Automatization of Correct Production at Two Levels of Articulatory Acquisition This study investigated the assumption that children who are in the process of acquiring correct production of a misarticulated phoneme are also in the process of developing automatization of correct production. Using the McDonald Deep Test of Articulation, children’s articulation was tested under two conditions: Condition 1 without masking and ... Articles
Articles  |   August 01, 1977
Automatization of Correct Production at Two Levels of Articulatory Acquisition
 
Author Notes
Article Information
Articles   |   August 01, 1977
Automatization of Correct Production at Two Levels of Articulatory Acquisition
Journal of Speech and Hearing Disorders, August 1977, Vol. 42, 358-363. doi:10.1044/jshd.4203.358
History: Received July 23, 1976 , Accepted November 1, 1976
 
Journal of Speech and Hearing Disorders, August 1977, Vol. 42, 358-363. doi:10.1044/jshd.4203.358
History: Received July 23, 1976; Accepted November 1, 1976

This study investigated the assumption that children who are in the process of acquiring correct production of a misarticulated phoneme are also in the process of developing automatization of correct production. Using the McDonald Deep Test of Articulation, children’s articulation was tested under two conditions: Condition 1 without masking and Condition 2 with 85 dB SPL of competing speech masking. Children were classified into one of two levels of articulatory acquisition according to their performance during Condition 1. Children scoring below 80% correct were classified as demonstrating low acquisition. Children scoring above 80% correct were classified as demonstrating high acquisition. Only children with /s/ or /r/ misarticulations were studied. Results indicated that the correct articulation of children demonstrating low acquisition was significantly more affected by the auditory masking than the correct articulation of those children demonstrating higher levels of acquisition. There was no significant difference in the performance of the children with the /s/ or /r/ misarticulations. The results support the concept that articulatory acquisition and automatization of correct articulation relate in a predictable manner.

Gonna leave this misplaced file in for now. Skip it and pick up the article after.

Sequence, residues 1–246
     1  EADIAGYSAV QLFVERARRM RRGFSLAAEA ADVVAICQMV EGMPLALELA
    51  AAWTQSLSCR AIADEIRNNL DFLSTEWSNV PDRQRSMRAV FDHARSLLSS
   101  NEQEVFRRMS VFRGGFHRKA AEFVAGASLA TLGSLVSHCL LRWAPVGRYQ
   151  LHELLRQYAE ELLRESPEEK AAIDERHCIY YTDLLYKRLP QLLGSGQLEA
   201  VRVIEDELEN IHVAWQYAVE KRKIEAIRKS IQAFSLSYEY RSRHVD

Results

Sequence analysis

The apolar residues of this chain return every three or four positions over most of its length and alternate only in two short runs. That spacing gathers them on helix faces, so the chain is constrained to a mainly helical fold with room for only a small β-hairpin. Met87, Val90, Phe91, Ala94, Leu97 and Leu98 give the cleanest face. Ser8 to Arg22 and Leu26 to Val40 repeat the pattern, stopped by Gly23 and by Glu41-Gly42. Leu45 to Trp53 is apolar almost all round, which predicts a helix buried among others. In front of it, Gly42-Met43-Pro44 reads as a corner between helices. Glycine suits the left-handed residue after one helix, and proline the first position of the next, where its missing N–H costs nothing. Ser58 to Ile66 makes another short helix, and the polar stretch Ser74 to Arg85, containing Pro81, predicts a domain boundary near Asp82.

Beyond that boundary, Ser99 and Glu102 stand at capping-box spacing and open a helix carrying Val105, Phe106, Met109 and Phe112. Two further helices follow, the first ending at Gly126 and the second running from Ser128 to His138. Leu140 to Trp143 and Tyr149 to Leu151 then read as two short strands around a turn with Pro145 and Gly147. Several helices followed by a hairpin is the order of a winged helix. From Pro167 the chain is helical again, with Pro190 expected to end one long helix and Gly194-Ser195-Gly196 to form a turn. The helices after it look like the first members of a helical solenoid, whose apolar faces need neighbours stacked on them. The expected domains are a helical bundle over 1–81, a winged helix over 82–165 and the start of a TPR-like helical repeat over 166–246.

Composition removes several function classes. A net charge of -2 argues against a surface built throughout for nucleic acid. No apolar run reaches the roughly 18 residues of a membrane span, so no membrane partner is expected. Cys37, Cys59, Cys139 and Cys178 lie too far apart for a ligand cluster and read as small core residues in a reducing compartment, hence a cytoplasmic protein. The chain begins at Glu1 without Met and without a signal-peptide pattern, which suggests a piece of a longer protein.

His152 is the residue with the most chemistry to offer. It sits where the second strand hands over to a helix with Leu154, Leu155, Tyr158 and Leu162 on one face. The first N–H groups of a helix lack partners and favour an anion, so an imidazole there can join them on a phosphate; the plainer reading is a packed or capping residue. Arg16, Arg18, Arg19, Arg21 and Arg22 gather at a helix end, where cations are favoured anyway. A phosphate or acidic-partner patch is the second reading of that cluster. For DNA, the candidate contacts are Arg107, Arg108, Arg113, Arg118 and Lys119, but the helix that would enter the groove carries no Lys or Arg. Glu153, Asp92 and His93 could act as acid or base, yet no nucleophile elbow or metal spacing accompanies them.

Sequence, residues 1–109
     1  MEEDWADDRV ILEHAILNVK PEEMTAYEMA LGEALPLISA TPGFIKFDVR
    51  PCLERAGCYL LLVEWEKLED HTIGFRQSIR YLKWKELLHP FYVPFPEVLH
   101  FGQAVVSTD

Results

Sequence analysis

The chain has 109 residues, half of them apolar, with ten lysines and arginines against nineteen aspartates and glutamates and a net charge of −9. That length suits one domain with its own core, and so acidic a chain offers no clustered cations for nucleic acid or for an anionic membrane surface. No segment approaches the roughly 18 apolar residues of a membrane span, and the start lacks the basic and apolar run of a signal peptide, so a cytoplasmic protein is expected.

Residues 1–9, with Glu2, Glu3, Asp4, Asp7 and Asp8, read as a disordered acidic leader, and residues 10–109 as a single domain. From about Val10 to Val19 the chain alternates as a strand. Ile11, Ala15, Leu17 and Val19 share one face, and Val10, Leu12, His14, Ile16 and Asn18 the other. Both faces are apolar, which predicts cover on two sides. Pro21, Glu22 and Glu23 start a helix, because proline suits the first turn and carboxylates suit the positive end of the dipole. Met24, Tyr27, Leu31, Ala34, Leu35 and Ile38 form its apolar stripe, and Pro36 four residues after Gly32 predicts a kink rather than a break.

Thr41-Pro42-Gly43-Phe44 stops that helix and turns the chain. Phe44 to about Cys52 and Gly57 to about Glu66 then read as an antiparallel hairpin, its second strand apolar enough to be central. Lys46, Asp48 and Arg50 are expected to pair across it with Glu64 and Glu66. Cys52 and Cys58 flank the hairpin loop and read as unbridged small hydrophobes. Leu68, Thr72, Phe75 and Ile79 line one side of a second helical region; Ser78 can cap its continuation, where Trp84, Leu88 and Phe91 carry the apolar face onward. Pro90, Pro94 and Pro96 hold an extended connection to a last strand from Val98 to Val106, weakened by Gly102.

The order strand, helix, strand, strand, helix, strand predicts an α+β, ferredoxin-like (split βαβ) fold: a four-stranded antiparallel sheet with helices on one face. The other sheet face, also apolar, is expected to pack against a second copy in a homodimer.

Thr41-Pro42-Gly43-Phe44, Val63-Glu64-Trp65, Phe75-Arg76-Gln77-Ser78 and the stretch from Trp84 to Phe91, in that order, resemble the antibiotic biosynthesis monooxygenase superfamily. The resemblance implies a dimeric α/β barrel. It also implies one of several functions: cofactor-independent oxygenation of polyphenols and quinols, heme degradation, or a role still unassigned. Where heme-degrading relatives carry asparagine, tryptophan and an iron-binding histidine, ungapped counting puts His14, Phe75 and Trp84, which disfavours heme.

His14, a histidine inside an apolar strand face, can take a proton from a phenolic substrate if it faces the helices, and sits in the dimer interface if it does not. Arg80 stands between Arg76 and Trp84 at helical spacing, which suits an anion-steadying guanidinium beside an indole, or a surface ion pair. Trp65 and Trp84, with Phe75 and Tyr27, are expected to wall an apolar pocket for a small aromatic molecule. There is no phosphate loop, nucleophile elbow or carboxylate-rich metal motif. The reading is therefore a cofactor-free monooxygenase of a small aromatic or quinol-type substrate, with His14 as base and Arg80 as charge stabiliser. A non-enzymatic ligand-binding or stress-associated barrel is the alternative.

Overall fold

Order a Subscription
Pay Per View
Entire Journal of Speech and Hearing Disorders content & archive
24-hour access
This Article
24-hour access